Those in recovery do not choose to do so. They are usually used as a last resort. Survival issue. Compulsion is so strong and destructive behavior so destructive that the obsessive obsession eventually causes a collapse, bringing the problem into stark contrast and becoming undeniably obvious. While it’s difficult to draw clear lines, the rate of progression is often a defining factor. Enter the world’s largest borrower, the US. With a projected debt level of $50 trillion by 2030, the underwriter for the global financial system’s accelerating trajectory seems undeniable.


Denial is what keeps the addict going until there is no other option. Until their world crumbles. Until they have nothing and nobody. Until annihilation threatens their existence. Most addicts must reach rock bottom. It takes awe at the problem’s enormity. Then recovery is possible.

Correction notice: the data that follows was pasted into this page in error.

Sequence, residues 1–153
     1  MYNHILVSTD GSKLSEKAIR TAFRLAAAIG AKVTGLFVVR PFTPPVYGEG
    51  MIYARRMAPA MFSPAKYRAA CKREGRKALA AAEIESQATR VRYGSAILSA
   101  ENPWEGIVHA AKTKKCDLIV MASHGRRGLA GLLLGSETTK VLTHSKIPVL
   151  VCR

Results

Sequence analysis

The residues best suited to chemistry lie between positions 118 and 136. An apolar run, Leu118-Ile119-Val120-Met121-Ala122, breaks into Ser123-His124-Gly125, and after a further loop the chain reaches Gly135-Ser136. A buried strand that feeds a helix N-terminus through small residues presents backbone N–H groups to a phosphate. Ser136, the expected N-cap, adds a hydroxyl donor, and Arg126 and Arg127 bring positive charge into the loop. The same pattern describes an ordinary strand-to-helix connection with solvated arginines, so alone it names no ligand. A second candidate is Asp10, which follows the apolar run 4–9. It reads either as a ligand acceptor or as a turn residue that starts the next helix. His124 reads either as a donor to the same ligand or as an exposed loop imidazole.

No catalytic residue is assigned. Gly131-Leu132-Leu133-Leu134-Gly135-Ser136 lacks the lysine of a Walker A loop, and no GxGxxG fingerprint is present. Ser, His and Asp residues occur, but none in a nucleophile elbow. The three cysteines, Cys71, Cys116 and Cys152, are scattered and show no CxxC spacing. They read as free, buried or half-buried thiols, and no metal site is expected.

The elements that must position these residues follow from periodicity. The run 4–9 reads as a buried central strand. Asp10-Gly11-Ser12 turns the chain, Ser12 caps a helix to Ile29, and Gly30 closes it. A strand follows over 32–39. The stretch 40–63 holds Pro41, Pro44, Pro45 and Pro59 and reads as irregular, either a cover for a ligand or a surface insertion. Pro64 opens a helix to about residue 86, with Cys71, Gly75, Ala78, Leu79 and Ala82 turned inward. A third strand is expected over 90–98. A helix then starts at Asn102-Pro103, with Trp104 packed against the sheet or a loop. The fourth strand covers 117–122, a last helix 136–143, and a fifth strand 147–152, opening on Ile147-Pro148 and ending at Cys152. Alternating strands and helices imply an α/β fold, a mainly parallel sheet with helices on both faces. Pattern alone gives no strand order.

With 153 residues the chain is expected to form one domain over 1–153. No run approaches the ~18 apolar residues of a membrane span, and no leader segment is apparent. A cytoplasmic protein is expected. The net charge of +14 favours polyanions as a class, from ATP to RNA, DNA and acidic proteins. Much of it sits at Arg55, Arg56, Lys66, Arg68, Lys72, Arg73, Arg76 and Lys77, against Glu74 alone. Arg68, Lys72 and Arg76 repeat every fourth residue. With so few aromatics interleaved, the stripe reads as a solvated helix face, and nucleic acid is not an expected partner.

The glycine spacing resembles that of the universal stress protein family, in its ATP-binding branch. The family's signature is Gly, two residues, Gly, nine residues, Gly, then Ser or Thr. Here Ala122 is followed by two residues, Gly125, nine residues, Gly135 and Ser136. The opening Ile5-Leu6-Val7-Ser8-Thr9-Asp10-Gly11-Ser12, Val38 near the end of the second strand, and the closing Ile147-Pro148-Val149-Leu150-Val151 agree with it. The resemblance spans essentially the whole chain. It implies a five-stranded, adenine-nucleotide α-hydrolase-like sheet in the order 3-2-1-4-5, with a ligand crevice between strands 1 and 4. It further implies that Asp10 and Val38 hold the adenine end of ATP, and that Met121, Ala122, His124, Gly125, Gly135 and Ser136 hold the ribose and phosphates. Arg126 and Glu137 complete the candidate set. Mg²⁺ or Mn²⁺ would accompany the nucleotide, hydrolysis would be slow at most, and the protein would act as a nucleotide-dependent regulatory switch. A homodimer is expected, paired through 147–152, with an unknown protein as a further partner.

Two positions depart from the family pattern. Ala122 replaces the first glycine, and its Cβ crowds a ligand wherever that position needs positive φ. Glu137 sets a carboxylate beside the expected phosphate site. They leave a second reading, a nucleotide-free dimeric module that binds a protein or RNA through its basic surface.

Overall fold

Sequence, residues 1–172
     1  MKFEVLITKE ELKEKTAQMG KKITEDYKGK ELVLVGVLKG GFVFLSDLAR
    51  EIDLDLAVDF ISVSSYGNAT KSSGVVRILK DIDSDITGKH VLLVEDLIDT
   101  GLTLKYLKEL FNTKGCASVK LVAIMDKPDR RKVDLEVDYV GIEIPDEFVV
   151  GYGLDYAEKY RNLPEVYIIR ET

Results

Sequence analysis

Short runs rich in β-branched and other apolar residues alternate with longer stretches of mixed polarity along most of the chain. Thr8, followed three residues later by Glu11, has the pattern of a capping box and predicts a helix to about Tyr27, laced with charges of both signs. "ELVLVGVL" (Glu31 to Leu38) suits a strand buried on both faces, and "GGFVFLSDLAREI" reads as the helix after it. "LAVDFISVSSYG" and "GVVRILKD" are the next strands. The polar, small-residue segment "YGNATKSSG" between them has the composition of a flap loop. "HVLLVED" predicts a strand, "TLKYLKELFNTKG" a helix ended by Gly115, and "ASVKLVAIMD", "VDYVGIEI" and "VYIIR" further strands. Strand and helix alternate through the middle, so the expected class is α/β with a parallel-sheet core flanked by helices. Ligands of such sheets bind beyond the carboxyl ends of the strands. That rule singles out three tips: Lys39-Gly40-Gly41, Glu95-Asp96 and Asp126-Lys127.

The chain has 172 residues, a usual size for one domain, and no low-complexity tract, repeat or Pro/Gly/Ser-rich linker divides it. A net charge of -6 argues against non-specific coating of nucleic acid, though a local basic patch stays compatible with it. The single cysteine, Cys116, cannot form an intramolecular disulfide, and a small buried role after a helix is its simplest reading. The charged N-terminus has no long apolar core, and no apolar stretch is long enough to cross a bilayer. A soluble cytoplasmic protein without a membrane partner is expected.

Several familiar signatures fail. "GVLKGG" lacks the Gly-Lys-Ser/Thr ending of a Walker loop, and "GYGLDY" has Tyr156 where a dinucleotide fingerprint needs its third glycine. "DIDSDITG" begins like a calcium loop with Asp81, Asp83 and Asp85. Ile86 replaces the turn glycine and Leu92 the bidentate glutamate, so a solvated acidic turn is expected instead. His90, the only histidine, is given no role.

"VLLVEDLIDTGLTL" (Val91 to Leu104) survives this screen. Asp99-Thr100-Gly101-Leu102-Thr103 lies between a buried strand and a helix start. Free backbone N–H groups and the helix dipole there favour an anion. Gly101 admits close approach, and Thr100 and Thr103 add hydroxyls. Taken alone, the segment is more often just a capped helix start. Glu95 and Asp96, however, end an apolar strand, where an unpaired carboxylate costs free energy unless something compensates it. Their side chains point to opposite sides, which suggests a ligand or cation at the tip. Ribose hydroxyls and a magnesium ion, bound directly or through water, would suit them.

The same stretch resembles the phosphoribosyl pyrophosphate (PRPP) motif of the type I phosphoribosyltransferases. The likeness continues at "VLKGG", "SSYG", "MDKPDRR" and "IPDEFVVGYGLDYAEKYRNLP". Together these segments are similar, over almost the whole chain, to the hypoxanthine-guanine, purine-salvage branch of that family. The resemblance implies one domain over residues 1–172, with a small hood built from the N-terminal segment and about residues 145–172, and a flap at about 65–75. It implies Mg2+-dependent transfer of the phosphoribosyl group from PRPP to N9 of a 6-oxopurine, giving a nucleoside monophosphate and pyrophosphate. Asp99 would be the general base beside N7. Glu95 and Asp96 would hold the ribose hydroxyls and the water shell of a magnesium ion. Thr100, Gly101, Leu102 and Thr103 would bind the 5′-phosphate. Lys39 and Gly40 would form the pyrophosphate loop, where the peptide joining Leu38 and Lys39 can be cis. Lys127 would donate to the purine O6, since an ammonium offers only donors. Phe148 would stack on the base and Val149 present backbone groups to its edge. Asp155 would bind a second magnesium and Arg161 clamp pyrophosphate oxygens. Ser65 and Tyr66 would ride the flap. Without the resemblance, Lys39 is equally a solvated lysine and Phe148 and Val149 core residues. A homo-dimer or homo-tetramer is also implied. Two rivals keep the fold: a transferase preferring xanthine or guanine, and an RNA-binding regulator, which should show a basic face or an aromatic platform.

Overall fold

But wait!

Because the addict’s mind is the problem, it is also incapable of solving it. Recognize that the addict cannot solve their own problem. Surrender is the first step. Surrender to a higher source of wisdom and power than the addict. A source of wisdom whose words cannot be manipulated by the addicted mind to find an excuse for using. Uncorrupted guidance is required for recovery. A source that can be internalized but not fully contained.

What is Bitcoin if not a set of monetary rules that no single person, group, or government can change? Yet, Bitcoin is a system whose fate is in the hands of both anyone and everyone.

Addicts in recovery refer to this as a higher power, which non-addicts often misinterpret as religious. Recovery is not dogmatic like religion. So long as the addict submits to a system of guidance that is not solely their own creation, any framework will do. It doesn’t matter if it’s religion, a human mentor, or the promise of technology-enabled decentralization of power.

In the end, the endless money printing and debt issuance will lead to a rock-bottom collapse and the world will not take the opportunity to adopt a system where the levers to change the rules are beyond the control of any individual or group of people.

Disclaimer: These are the writer’s opinions and should not be considered investment advice. Readers should do their own research.